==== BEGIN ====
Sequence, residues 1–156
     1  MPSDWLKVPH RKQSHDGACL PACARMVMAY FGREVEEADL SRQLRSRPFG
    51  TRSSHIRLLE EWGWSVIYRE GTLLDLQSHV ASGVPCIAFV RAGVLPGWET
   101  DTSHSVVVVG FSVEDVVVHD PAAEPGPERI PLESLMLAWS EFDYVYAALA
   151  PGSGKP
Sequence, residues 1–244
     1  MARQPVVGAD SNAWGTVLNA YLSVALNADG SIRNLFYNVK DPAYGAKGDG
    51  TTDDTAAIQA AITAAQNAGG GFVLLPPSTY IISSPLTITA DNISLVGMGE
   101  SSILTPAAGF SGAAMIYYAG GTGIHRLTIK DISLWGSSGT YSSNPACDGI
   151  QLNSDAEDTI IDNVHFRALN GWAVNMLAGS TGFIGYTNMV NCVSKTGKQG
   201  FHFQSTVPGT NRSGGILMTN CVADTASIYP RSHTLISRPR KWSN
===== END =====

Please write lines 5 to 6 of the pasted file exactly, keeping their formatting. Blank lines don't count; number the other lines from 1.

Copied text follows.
   151  PGSGKP
Sequence, residues 1–244